# Taylor Series Error Integration

• Kaura
In summary: The degree instead of index is good to...In summary, the polynomial p(x) of minimal degree that approximates F(x) throughout the given interval with an error of magnitude less than 10-4 can be found by integrating the Maclaurin series for sin(x) and using that information.
Kaura

## Homework Statement

Using Taylor series, Find a polynomial p(x) of minimal degree that will approximate F(x) throughout the given interval with an error of magnitude less than 10-4

F(x) = ∫0x sin(t^2)dt

## Homework Equations

Rn = f(n+1)(z)|x-a|(n+1)/(n+1)![/B]

## The Attempt at a Solution

I am confused about the integral and have never done a problem like this
Do I use the fundamental theorem of calculus to solve the nth derivative of the function and see at what point the error is below the required value?
Do I somehow integrate the taylor series for sin(x) and somehow use that?

Kaura said:

## Homework Statement

Using Taylor series, Find a polynomial p(x) of minimal degree that will approximate F(x) throughout the given interval with an error of magnitude less than 10-4

F(x) = ∫0x sin(t^2)dt

## Homework Equations

Rn = f(n+1)(z)|x-a|(n+1)/(n+1)![/B]

## The Attempt at a Solution

I am confused about the integral and have never done a problem like this
Do I use the fundamental theorem of calculus to solve the nth derivative of the function and see at what point the error is below the required value?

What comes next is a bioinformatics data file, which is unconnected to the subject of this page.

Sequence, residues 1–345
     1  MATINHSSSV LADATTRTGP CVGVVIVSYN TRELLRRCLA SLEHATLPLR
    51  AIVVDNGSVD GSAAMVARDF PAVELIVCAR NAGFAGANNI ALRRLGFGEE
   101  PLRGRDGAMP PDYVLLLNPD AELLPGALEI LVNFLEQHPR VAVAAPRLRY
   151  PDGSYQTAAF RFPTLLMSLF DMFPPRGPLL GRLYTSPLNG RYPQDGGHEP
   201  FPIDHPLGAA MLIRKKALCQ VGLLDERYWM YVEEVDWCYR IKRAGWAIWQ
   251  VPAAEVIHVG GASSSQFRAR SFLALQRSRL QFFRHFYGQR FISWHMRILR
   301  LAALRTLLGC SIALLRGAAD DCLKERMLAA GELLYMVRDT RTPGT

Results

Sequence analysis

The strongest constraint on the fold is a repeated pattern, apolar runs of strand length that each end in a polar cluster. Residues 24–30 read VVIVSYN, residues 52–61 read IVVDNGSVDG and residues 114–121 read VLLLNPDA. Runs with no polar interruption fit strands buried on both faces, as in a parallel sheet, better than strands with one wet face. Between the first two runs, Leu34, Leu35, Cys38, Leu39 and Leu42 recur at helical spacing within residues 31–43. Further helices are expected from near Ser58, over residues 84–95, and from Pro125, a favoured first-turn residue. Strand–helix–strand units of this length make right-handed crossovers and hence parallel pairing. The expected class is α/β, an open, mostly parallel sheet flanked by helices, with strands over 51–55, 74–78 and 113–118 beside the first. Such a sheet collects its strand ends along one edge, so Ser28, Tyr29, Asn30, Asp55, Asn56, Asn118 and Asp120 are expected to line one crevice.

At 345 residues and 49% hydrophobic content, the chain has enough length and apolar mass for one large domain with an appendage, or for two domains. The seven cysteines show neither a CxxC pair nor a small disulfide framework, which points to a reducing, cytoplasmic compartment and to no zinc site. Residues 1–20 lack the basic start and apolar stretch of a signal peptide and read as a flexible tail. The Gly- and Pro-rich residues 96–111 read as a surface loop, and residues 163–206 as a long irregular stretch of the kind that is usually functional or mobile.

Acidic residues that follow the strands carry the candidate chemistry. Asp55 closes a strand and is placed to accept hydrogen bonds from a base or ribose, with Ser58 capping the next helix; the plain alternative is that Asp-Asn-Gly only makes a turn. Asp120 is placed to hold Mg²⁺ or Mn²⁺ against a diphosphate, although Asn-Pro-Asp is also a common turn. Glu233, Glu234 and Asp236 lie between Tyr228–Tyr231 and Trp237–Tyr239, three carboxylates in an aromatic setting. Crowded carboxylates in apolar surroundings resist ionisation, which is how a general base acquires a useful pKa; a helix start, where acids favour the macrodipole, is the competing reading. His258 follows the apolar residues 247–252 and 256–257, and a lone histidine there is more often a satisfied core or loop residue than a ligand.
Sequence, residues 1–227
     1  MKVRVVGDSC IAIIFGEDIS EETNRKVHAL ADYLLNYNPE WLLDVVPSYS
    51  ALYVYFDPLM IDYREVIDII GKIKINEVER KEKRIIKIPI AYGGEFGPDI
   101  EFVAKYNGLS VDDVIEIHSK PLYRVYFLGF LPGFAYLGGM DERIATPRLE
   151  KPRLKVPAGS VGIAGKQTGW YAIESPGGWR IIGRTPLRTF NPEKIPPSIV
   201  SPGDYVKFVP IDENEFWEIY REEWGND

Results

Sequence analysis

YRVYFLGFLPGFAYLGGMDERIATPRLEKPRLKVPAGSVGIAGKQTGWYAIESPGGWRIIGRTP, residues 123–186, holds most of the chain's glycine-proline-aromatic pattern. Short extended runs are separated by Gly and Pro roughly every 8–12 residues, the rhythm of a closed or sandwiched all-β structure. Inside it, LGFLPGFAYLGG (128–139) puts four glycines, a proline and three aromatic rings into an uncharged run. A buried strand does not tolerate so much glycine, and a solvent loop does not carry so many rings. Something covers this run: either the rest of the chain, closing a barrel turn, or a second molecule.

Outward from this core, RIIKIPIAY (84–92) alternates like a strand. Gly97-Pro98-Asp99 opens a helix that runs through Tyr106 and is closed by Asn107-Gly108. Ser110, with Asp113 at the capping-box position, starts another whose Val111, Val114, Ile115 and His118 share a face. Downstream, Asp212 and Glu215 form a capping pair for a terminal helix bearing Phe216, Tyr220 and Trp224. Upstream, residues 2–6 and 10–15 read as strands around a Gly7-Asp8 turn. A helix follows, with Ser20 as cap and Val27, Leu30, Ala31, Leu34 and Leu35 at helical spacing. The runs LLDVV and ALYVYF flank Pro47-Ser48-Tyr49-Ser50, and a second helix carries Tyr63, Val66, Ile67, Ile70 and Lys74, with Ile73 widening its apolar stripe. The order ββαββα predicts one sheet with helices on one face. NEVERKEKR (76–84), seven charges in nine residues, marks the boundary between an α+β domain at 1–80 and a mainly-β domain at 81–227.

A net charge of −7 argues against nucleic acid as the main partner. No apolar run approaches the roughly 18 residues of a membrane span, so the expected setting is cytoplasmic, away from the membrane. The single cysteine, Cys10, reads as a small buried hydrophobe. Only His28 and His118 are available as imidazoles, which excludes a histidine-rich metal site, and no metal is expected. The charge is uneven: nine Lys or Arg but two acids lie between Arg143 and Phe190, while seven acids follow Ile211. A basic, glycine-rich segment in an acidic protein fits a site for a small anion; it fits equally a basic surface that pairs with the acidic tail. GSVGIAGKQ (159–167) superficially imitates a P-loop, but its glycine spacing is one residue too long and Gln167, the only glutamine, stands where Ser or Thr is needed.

Do I somehow integrate the taylor series for sin(x) and somehow use that?

You did not actually specify an interval over which you are approximating F(x).

Anyway, instead of agonizing about how to do it, just start doing it. If one way does not work, try another.

Kaura said:

## Homework Statement

Using Taylor series, Find a polynomial p(x) of minimal degree that will approximate F(x) throughout the given interval with an error of magnitude less than 10-4

F(x) = ∫0x sin(t^2)dt

## Homework Equations

Rn = f(n+1)(z)|x-a|(n+1)/(n+1)![/B]

## The Attempt at a Solution

I am confused about the integral and have never done a problem like this
Do I use the fundamental theorem of calculus to solve the nth derivative of the function and see at what point the error is below the required value?
Do I somehow integrate the taylor series for sin(x) and somehow use that?
Yes. Write a few terms of the Maclaurin series for ##\sin(t^2)##, and then integrate that series. Note that the series you get is an alternating series. There should be a theorem in your book on the error that results from truncating an alternating series.
Kaura said:

I worked out some stuff let me know what to fix so far

F(x) = INT(0 to x) sin(t^2)dt | on the interval [0, 1]

Polynomial degree with error of magnitude less than 10^-4

sin(x) = x - x^3/3! + x^5/5! >>>

sin(x^2) = x^2 - x^6/3! + x^10/5! >>>

sin(x) = (-1)^n * x^(2n+1)/(2n+1)!

sin(x^2) = (-1)^n * x^(4n+2)/(2n+1)!

INT sin(x^2) = (-1)^n * x^(4n+3)/(4n+3)(2n+1)!

|x^(4n+3)/(4n+3)(2n+1)!| < 10^-4

x max of 1

10000 < |(4n+3+1)(2n+1+1)!|

(4n+7)(2n+3)! = h(n)

h(0)=7*3!
h(1)=11*5!
h(2)=15*7! > 10000

n = 2

The degree of the polynomial should be 2 right?

x^3/3 - x^7/(7*3!) + x^11/(11*5!)
was accepted as the correct answer on my homework
been on that problem all day good to finally solve it
so I guess you integrate the summation of the series
find when the term of n+1 is bounded above by the error
then use the McLaurin Series up to the nth term?

Kaura said:
I worked out some stuff let me know what to fix so far

F(x) = INT(0 to x) sin(t^2)dt | on the interval [0, 1]